Here’s a magnificent section of Thomas Watson’s exposition of the second petition of the Lord’s Prayer (Your kingdom come). Watson was discussing what it means to enter the Kingdom of God and he explained what it means to seek the Kingdom of God. He then asked if it was possible for a Christian to persevere until the coming of the kingdom. Here’s part of his excellent answer:
What a wonder is it that any soul perseveres until he comes to the kingdom of heaven! But great as the wonder is, there is such a thing as perseverance. A saint’s perseverance is built upon three immutable pillars:
1) A saint’s perseverance is built upon God’s eternal love. We are inconstant in our love to God; but he is not so in his love to us. “I have loved you with an everlasting love!” (Jer 31:3). God’s love to the elect is not like a king’s love to his favorite, which when it is at the highest spring-tide, soonest ebbs; but God’s love is eternal. He may desert us for a time, but he will never disinherit us. He may change his love into a frown, but never into hatred. He may alter his providence, but never his decree. When once the sunshine of God’s electing love is risen upon the soul—it never sets finally.
2) A saint’s perseverance is built upon the covenant of grace. It is a firm, impregnable covenant; as you read in the words of the sweet singer of Israel. “God has made with me an everlasting covenant, ordered in all things and sure” (2 Samuel 23:5). It is a sweet covenant, that God will be our God. This is the marrow and quintessence of all blessing. The covenant of grace is a sure covenant, that he will put his fear in our heart, and we shall never depart from him (Jer 32:40). This covenant is inviolable (unbreakable), it cannot be broken. Indeed, sin may break the peace of the covenant—but it cannot break the bond of the covenant.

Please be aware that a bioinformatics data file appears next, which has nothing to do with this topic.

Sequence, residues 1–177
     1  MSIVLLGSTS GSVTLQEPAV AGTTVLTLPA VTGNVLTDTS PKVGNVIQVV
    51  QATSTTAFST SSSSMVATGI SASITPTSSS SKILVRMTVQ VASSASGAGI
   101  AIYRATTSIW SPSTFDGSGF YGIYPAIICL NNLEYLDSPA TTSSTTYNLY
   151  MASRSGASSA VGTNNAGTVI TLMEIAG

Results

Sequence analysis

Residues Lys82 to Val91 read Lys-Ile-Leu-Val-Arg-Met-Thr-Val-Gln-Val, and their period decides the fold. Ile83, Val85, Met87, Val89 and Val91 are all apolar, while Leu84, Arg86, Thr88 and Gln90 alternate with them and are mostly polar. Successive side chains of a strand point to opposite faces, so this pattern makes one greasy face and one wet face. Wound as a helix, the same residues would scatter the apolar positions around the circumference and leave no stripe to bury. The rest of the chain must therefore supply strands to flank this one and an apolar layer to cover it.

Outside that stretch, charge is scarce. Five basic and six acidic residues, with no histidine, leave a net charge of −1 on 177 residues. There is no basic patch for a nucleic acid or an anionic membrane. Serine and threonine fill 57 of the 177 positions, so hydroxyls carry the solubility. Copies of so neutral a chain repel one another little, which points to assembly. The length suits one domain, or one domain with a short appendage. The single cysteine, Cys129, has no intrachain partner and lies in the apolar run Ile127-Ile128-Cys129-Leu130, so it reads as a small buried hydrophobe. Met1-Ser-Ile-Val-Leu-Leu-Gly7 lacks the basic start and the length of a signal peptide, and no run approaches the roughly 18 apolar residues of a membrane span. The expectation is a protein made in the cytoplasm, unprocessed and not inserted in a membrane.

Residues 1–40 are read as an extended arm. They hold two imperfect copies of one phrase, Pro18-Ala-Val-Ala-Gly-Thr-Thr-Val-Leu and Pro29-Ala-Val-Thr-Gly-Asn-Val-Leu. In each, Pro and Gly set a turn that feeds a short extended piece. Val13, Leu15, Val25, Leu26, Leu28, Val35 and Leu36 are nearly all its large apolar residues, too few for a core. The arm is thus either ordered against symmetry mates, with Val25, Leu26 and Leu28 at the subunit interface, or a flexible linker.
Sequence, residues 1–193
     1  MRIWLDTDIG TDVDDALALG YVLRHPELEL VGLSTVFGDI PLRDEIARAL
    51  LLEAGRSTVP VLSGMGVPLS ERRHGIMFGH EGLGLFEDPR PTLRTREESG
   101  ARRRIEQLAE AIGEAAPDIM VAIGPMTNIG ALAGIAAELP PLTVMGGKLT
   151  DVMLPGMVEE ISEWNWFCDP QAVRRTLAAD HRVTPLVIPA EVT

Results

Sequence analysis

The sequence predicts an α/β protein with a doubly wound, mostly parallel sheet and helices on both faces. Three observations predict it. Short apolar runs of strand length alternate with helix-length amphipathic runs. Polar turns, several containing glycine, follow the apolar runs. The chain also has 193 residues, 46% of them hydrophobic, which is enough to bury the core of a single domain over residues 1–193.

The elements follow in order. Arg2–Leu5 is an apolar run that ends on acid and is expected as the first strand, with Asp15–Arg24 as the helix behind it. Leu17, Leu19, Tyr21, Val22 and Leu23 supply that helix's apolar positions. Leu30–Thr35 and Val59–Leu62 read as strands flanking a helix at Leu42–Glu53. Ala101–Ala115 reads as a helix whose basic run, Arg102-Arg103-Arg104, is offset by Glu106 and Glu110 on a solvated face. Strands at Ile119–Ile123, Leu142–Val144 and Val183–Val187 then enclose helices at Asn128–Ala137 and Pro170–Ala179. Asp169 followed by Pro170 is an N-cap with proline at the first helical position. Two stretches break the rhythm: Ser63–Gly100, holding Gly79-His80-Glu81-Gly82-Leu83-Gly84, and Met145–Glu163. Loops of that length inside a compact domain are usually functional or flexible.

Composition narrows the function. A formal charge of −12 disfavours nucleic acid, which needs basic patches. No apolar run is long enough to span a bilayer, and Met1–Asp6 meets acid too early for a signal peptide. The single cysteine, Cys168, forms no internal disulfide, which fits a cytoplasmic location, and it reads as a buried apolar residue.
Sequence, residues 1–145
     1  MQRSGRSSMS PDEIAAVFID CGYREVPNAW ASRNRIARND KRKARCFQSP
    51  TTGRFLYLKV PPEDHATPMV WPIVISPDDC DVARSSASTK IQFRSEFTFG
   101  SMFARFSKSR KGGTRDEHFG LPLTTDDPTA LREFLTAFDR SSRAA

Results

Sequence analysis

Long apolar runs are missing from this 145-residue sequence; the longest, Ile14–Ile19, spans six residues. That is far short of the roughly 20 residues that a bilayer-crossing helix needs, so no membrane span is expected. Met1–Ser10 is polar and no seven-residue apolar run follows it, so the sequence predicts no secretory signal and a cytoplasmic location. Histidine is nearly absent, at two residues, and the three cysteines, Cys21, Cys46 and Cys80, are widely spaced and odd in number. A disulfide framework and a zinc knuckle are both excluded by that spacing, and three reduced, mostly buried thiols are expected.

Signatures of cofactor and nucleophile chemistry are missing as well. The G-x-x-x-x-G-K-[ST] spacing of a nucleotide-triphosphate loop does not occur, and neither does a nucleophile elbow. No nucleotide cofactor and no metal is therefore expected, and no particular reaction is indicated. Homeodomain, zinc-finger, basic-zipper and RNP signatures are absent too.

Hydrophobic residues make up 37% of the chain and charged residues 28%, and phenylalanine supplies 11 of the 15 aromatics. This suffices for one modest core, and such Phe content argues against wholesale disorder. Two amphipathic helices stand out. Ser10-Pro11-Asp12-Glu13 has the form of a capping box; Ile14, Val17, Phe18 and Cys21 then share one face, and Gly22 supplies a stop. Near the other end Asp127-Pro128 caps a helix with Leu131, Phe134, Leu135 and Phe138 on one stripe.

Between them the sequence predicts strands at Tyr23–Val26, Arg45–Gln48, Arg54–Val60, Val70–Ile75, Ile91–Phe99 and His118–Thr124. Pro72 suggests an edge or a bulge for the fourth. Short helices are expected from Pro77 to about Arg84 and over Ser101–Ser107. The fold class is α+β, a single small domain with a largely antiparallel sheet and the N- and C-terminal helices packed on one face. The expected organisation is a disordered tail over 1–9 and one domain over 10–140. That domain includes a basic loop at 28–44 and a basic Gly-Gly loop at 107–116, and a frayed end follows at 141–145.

3) The third pillar upon which perseverance is built, is the mystic union with Christ. Believers are incorporated into Christ, they are knit to him as members to the head—by the nerve and ligament of faith, so that they cannot be broken off (Eph 5:23). What was once said of Christ’s natural body is as true of his mystic body. “No bone of his shall be broken” (John 19:36). As it is impossible to sever the leaven and the dough when they are once mingled—so it is impossible when Christ and believers are once united, ever by the power of death or hell, to be separated. How can Christ lose any member of his body and be perfect?
You see upon what strong pillars the saints’ perseverance is built.
Thomas Watson, The Lord’s Prayer, p. 131-132. (NOTE: The paperback of this book is currently half price at the Westminster Bookstore.)
Covenant Presbyterian Church (OPC)
Hammond, WI, 54015
One Reply to “Three Pillars of Perseverance (Watson)”
Thanks for this. I’ll link this to my blog.
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